Today was not a good day for trains. There were various shenanigans at the station.
First I got on the wrong train, the driver had to let me off.
Then I managed to board the correct train for Pernik, but got off at the wrong station - Pernik ‘Distribution’, a stop in an industrial zone1 far out from the town centre.
So I had to walk the rest of the way into the town, although I did enjoy going through the factories and good yards. It was a welcome change of scene after visiting the Roman ruins in every other town.
The square in the centre of Pernik holds a monument complex dedicated to the miners. It was closed off for repairs, but the gate was ajar and there weren’t many people around. I had a look inside.
There was a series of statues showing blocky miners in expressive poses. You see the figures bent over, sitting down, pushing a cart - all quite different from the upstanding poses of heroic statues. The area is sunken relative to the rest of the square and the statues are surrounded by black overhanging stone, the scenery is definitely evocative of an underground mine.
I went to the miners museuem, with a tour of some old mining tunnels out of use since 1966. The tunnels were part of a working coal mine, most of the tour involved showing off increasingly sophisticated mining machinery and the progression of technology from horses and pick-axes to a modern2 industrial operation. The old man doing the tour did not speak english, but I generally got the idea, there was lots of pointing at heavy equipment and enthusiastic nodding.
This is a reinforced internal shelter.
I’m not sure the two are comparable, but my memory of visiting old mines in the UK involved much older industrial history than the most recent technology. The focus point of cultural (and industrial) heritage here seems fixed at a different point in time.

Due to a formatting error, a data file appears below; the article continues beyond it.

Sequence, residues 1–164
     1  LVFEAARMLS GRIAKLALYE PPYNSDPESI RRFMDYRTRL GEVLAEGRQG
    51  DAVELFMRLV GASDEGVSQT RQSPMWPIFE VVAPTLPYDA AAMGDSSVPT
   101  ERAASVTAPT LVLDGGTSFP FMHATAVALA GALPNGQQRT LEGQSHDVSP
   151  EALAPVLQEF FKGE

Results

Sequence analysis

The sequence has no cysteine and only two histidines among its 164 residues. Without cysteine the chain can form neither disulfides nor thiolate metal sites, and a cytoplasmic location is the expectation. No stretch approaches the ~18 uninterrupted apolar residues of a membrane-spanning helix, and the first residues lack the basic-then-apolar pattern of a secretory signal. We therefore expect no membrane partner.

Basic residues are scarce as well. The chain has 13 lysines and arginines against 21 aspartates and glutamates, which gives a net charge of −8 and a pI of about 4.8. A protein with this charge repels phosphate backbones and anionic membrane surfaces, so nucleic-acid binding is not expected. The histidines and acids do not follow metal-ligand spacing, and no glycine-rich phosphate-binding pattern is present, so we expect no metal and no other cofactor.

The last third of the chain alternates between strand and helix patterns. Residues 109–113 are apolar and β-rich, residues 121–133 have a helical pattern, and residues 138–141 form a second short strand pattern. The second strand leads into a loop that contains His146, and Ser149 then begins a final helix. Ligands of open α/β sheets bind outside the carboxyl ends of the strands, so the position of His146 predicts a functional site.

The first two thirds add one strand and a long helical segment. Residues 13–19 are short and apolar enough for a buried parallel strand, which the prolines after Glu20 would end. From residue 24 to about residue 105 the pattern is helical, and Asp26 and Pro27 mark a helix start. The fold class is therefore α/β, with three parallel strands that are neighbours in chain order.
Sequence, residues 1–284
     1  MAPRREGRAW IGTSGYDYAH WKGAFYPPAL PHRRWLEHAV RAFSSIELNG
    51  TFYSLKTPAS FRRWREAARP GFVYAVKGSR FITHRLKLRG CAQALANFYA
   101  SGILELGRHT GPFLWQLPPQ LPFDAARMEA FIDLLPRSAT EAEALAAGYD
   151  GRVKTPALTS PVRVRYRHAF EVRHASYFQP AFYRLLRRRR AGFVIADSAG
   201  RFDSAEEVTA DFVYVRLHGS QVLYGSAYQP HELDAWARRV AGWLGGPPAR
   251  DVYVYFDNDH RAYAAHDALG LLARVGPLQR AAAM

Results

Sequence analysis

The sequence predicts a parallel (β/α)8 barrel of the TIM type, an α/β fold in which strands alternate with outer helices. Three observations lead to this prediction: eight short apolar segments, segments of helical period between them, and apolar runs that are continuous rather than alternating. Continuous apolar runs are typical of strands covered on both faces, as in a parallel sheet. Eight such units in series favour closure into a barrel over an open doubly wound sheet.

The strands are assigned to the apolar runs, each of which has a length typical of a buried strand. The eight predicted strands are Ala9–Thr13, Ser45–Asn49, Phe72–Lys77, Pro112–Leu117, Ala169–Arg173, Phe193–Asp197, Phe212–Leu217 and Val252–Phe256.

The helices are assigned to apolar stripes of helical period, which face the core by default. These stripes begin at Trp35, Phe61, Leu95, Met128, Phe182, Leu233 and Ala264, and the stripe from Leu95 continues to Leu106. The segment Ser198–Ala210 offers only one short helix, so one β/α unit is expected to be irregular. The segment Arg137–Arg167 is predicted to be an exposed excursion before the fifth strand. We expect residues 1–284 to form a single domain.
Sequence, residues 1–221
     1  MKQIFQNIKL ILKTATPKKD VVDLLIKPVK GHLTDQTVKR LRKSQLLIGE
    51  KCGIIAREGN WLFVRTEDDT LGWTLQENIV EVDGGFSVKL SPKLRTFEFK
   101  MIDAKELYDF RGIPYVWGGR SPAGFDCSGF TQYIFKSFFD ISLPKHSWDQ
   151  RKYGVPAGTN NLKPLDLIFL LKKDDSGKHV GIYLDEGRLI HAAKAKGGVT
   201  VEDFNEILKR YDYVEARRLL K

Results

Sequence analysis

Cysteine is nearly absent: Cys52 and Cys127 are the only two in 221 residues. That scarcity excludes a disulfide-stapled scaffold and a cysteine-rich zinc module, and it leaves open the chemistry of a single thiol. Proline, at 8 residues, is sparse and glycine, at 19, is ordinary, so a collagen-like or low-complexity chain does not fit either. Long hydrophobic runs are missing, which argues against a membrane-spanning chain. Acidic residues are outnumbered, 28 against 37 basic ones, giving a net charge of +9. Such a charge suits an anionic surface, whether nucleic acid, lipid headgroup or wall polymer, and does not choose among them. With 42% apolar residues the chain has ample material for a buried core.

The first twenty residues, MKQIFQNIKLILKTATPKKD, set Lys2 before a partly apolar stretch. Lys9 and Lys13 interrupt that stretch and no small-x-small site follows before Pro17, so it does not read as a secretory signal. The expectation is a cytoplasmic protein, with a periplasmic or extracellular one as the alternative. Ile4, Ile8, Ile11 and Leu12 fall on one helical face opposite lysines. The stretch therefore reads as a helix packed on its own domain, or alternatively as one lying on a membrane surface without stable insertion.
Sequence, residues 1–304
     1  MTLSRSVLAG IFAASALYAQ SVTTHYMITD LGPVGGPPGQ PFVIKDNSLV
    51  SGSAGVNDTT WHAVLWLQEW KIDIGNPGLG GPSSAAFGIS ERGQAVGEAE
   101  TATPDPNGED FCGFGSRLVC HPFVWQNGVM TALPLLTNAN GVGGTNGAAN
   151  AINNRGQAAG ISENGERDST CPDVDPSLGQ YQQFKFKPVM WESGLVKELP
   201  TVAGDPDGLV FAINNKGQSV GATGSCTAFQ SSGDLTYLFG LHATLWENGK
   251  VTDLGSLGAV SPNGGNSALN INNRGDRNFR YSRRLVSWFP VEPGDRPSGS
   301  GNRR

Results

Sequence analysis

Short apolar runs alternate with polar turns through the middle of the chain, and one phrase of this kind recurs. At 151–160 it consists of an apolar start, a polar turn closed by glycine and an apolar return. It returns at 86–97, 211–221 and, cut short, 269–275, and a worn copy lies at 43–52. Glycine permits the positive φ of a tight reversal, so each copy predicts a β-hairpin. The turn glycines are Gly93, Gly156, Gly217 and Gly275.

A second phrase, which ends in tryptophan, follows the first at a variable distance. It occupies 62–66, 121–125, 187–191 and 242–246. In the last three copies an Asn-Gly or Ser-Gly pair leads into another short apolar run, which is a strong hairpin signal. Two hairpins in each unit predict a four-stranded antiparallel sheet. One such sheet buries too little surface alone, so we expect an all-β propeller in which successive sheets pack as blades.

Afterwards, I tagged along with the rest of the small mine tour group3 to see the old Miners club nearby. The ground floor of the club is now a bank, it required some negotiation to see the rest of the interior.
The Miners club contained a hall, and a stage decked out with wood panelling.
That hall was as much a historical experience as the tunnels, like stepping back into a time capsule.
Behind the club there are old miners cottages, and further into the town a cinema, theatre, swimming pool, library; lots of cultural amenities for a small industrial town. All that could be down to socialist modernisation - the intention to create a place where the mineworkers and their families were well served by opportunities for art and leisure.
I noticed a small plaque at the front of the Levko shopping centre, which reads (in Bulgarian):
The Pernik Party Organisation was established here in June 1908.
The plaque doesn’t specify which party organisation. It looks like it dates back to the socialist period, but the Bulgarian Communist Party was only formally constituted in 1919. My best guess is the plaque refers to the BCP’s predecessor, the Bulgarian Social Democratic Workers’ Party (tight socialist faction), formed in 1903.
Finally, I took a detour to go and see the large statue of Georgi Dimitrov on a hill in the central park.
Unfortunately the plinth of the statue was covered in neo-Nazi graffiti, which at least underlines the continued relevance of Dimitrov’s work. His home village was not far from here, and some of his early political activity involved leading mining strikes around Pernik. A short biography4 written by Petra Radenkova notes that he was arrested on February 19, 1919, during a strike by the miners of Pernik. Another passage from the same biography reads:
In May 1911 the miners from Pernikd declared a strike and sent for G. Dimitrov. In a torrential rain and a strong wind he walked all the way from Pernik to Sofia, a distance of 30km, together with the striking miners.
Dimitrov is mainly known today for his role as a politician and as a theorist of (anti) fascism, I wasn’t aware of his background as a union organiser.